You can replicate the process above on other Raspberry’s / machines connected from different locations. This will work as backup in case of power/network outage.

Before starting the remote signers, we need to setup the baker, endorser and proxy signer first. This is explained in the next section.

Setting up the Baker

The proxy signer is the process that is going to wait for (a) signing request from the baker and endorser and for (b) remote connexion from signers. It keeps a list of remote signers and bounces the signing requests to them. We recommend to run it on a more powerful machine than raspberry since it needs a node that is connected to the blockchain.

You’ll need to setup Dune Network as you did above on the raspberry. Please, refer to the appropriate section.

First setup: initializing proxy signer

In order to setup the Dune wallet for baking, you need to ‘prove’ that you can sign for your <DN1> key. This is done by doing a one time exchange with the signer.

First, start the proxy singer as follows:

$ ./dune-signer --proxy-wait --proxy-port <PROXY_PORT> --proxy-host [::] \
    import secret key <PROXY_ALIAS> tcp-proxy://<PROXY_PORT>/<DN1>

<PROXY_PORT> is the port on which the proxy will wait for signer connection and <PROXY_ALIAS> is an alias that will be used later when starting the baker and endorser. The command above makes the proxy wait for a connection from the remote signer.

Now, start the signer on the Raspberry, with the address/port of the machine on which the proxy is running:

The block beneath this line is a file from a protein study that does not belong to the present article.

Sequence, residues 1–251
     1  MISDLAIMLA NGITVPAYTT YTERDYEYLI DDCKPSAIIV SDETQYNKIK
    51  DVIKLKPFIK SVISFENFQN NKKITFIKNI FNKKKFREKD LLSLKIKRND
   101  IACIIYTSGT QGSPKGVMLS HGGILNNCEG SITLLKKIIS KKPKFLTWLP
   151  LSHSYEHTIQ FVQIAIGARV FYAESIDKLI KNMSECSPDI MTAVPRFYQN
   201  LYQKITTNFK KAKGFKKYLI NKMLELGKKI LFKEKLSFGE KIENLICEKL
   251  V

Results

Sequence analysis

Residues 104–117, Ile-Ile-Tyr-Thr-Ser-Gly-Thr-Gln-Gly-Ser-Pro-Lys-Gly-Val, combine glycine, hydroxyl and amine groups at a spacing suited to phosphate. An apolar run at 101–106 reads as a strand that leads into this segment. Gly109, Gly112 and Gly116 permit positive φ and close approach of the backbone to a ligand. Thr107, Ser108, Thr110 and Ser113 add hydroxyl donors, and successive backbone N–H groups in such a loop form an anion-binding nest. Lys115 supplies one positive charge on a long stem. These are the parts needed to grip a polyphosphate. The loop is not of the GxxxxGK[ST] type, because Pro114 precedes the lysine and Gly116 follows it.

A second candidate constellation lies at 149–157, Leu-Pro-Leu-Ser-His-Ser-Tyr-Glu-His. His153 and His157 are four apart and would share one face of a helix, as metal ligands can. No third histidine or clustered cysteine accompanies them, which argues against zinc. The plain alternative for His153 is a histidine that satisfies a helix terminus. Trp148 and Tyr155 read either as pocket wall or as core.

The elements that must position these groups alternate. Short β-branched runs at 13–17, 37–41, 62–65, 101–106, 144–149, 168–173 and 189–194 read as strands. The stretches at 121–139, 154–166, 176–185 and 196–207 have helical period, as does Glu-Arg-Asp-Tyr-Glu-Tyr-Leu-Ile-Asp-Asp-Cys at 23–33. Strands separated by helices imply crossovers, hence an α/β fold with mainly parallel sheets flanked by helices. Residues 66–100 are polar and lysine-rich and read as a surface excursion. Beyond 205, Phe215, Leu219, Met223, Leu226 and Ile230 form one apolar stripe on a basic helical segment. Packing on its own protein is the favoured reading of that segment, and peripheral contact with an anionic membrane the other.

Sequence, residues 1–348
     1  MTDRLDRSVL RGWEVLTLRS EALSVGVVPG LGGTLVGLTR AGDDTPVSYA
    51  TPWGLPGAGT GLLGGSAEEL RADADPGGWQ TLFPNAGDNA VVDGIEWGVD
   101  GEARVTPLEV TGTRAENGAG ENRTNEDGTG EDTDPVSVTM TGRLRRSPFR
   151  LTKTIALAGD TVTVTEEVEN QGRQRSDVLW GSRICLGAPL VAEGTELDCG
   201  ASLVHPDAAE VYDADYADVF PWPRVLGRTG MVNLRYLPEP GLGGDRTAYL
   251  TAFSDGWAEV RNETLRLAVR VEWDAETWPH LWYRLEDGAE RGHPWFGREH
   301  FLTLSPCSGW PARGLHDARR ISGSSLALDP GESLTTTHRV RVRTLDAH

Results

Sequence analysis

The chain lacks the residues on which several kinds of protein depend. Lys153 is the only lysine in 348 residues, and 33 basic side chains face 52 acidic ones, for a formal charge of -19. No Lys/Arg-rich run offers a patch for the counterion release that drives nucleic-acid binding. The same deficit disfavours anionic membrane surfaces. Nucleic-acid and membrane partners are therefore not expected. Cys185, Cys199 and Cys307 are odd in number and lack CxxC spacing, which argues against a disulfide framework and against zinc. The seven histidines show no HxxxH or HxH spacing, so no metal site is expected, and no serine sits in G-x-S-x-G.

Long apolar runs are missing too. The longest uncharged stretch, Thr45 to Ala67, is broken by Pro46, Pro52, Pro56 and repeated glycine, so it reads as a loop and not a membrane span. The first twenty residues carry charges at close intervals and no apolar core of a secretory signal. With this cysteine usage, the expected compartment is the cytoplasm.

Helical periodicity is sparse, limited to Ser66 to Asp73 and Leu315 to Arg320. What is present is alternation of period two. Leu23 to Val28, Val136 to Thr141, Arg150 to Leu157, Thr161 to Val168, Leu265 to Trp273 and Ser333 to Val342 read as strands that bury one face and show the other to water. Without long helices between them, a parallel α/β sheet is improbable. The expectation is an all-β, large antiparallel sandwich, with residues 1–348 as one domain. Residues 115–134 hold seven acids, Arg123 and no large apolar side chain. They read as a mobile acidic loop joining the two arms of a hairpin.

$ ./dune-signer launch reverse socket signer -a <PROXY_ADDR> -p <PROXY_PORT>

Once this is done, you should be able to check that the proxy signer actually added the key of the remote signer with this command:

./dune-signer list known addresses

The steps above are only necessary the first time you setup the proxy. Running a single remote signer is sufficient to do it.

Start the signers

You can now start the proxy as follows:

$ ./dune-signer --proxy-host [::] --proxy-port <PROXY_PORT> --proxy launch socket signer -p <PROXY_BAKER_PORT>

The proxy signer will wait for connections from both the baker/endorser to sign requests and from the remote signers. <PROXY_PORT> is the port on which the proxy will wait for signers connections. <PROXY_BAKER_PORT> is the port on which it will wait for signing requests.

Then, you can (re-)start the signers on the raspberry’s / remote machines with:

$ ./dune-signer launch reverse socket signer -a <PROXY_ADDR> -p <PROXY_PORT>

The proxy signer will log successful connections of the signers.

TODO: monitoring of remote signers

Setup and start endorser/baker

The last step is to setup and start the endorser and baker.

First, we import baker’s key:

./dune-client import secret key <BAKER_ALIAS> tcp://<PROXY_BAKER_PORT>/<DN1>

where <PROXY_BAKER_PORT> should match the one used to run the proxy.

Then, we start the endorser with:

$ ./dune-endorser-<PROTO> -A -P <NODE_RPC_PORT> run <BAKER_ALIAS>

Finally, we start the baker with:

$ ./dune-baker-<PROTO> -A -P <NODE_RPC_PORT> run with local node <DUNE_DATADIR> <BAKER_ALIAS>

<PROTO> is the current protocol (at the time of writing it is 004-Pt24m4xi). <DUNE_DATADIR> is the data dir of the node (default should be $HOME/.dune-node). <NODE_RPC_PORT> is the port of the RPC server of the node (default on mainnet should be 8734).

We use since the proxy and the baker/endorser are running on the same machine.